Individual Differences in L2 Learning
Language and Linguistics
Postgraduate: Level 7
Monday 15 January 2024
Friday 22 March 2024
05 October 2023
Requisites for this module
MA Q11012 Applied Linguistics,
MA Q15012 Psycholinguistics,
PHD Q15048 Psycholinguistics
This module introduces you to selected psychological factors that interact with the processes and outcomes of second language (L2) learning.
You will become familiar with concepts such as language learning aptitude, cognitive and learning style, language learning strategies, metacognition, and working memory. We will discuss the definitions and measurement of these factors, their relationship with each other and with L2 achievement, and their practical relevance in the L2 classroom.
In addition, you will be given the opportunity to carry out your own small-scale empirical project during which you collect and analyse data on a selected individual difference variable in a single participant by means of a mixed-methods approach, e.g. on the basis of a test or questionnaire and an interview. An introduction to methodological issues will be provided, focusing on questionnaire design and interview preparation.
This module introduces you to selected psychological factors that interact with the processes and outcomes of second language (L2) learning. You will become familiar with concepts such as language learning aptitude, cognitive and learning style, language learning strategies, metacognition, and working memory. We will discuss the definitions and measurement of these factors, their relationship with each other and with L2 achievement, and their practical relevance in the L2 classroom.
By the end of the module, you will have attained a general overview of a range of cognitive variables that are relevant in the field of L2 learning. You will also have gained insight into how the theoretical definitions and the measurement of these variables have changed over time. By conducting your own case study, you will have had the chance to deepen your understanding of theoretical issues through the application of selected concepts in an empirical context. This type of work will help you with identifying and overcoming some of the methodological challenges posed by small-scale studies in the field of L2 learning and education. Furthermore, gaining some hands-on experience with data collection and analysis will serve as a useful preparation for MA projects conducted later in the year.
No additional information available.
We will have one 2-hour class each week for 10 weeks. Approximately one hour will be taught as a lecture and the other hour as a seminar. Lectures provide an overview of key theoretical insights, empirical research findings, and methodological issues; seminars are based on student-centred tasks such as follow-up exercises and discussion of issues brought up in the lectures and associated module readings. Discussion and questions are encouraged throughout.
Li, S., Hiver, P. and Papi, M. (eds) (2022) Routledge Handbook of Second Language Acquisition and Individual Differences
. Taylor & Francis Group. Available at: https://doi-org.uniessexlib.idm.oclc.org/10.4324/9781003270546
Zoltán Dörnyei and Stephen Ryan (2015) The psychology of the language learner revisited
. New York, NY: Routledge. Available at: http://www.taylorfrancis.com/books/e/9781315779553
Dörnyei, Z. (2005) The psychology of the language learner: individual differences in second language acquisition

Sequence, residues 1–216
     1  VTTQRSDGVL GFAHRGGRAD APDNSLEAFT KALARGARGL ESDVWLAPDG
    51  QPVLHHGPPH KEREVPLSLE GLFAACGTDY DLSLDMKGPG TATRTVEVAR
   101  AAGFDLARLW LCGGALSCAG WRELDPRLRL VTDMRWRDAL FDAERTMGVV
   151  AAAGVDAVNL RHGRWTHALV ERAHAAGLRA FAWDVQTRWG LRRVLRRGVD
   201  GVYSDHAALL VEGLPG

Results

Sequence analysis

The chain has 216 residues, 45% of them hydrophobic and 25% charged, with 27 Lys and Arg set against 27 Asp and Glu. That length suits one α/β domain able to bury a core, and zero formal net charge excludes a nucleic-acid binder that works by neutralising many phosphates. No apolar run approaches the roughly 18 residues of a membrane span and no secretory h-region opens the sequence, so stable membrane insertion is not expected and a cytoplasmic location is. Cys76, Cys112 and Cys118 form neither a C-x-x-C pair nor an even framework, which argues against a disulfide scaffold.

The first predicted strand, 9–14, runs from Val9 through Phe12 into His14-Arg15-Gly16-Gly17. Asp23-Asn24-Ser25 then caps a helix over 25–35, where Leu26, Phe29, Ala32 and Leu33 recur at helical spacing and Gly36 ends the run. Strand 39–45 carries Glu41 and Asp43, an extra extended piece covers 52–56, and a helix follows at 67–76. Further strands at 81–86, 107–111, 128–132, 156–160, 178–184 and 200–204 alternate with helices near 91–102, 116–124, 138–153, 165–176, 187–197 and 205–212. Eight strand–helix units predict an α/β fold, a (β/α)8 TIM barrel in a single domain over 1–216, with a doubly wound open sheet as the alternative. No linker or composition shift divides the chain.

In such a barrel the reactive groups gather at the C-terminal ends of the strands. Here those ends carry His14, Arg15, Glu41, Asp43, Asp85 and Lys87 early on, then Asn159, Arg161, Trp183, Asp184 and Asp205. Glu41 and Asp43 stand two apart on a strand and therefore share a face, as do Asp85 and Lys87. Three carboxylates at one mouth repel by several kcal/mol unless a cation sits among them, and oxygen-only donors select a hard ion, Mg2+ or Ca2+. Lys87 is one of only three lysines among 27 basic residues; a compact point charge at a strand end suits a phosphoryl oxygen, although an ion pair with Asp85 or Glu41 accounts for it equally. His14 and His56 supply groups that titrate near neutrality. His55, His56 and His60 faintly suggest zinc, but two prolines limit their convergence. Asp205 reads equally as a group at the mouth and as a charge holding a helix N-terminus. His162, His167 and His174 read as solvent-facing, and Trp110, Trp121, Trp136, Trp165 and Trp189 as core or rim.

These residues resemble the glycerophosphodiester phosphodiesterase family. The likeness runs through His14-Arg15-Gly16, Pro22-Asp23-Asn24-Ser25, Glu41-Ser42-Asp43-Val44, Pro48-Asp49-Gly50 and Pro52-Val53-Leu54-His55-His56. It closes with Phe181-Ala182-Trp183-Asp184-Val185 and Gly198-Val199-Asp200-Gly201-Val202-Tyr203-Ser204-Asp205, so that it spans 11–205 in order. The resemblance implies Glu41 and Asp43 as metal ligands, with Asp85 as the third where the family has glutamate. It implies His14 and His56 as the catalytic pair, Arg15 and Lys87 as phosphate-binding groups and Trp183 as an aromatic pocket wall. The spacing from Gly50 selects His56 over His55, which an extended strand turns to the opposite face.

. Mahwah, N.J.: L. Erlbaum Associates. Available at: https://search.ebscohost.com/login.aspx?direct=true&db=nlebk&AN=158555
Carol Griffiths (2008) Lessons from good language learners
. Cambridge: Cambridge University Press. Available at: https://doi.org/10.1017/CBO9780511497667
Louis Cohen, Lawrence Manion and Keith Morrison (2018) Research methods in education
. Eighth edition. London: Routledge. Available at: https://search.ebscohost.com/login.aspx?direct=true&scope=site&db=nlebk&db=nlabk&AN=1614634
The above list is indicative of the essential reading for the course.
The library makes provision for all reading list items, with digital provision where possible, and these resources are shared between students.
Further reading can be obtained from this module's reading list
Assessment items, weightings and deadlines
|Coursework / exam
||Assignment 1 (1000 Words)
||Assignment 2 (2000 Words)
Exam format definitions
- Remote, open book: Your exam will take place remotely via an online learning platform. You may refer to any physical or electronic materials during the exam.
- In-person, open book: Your exam will take place on campus under invigilation. You may refer to any physical materials such as paper study notes or a textbook during the exam. Electronic devices may not be used in the exam.
- In-person, open book (restricted): The exam will take place on campus under invigilation. You may refer only to specific physical materials such as a named textbook during the exam. Permitted materials will be specified by your department. Electronic devices may not be used in the exam.
- In-person, closed book: The exam will take place on campus under invigilation. You may not refer to any physical materials or electronic devices during the exam. There may be times when a paper dictionary,
for example, may be permitted in an otherwise closed book exam. Any exceptions will be specified by your department.
Your department will provide further guidance before your exams.
Module supervisor and teaching staff
Dr Karen Roehr-Brackin, email: firstname.lastname@example.org.
Dr Vivienne Esther Rogers
Available via Moodle
No lecture recording information available for this module.
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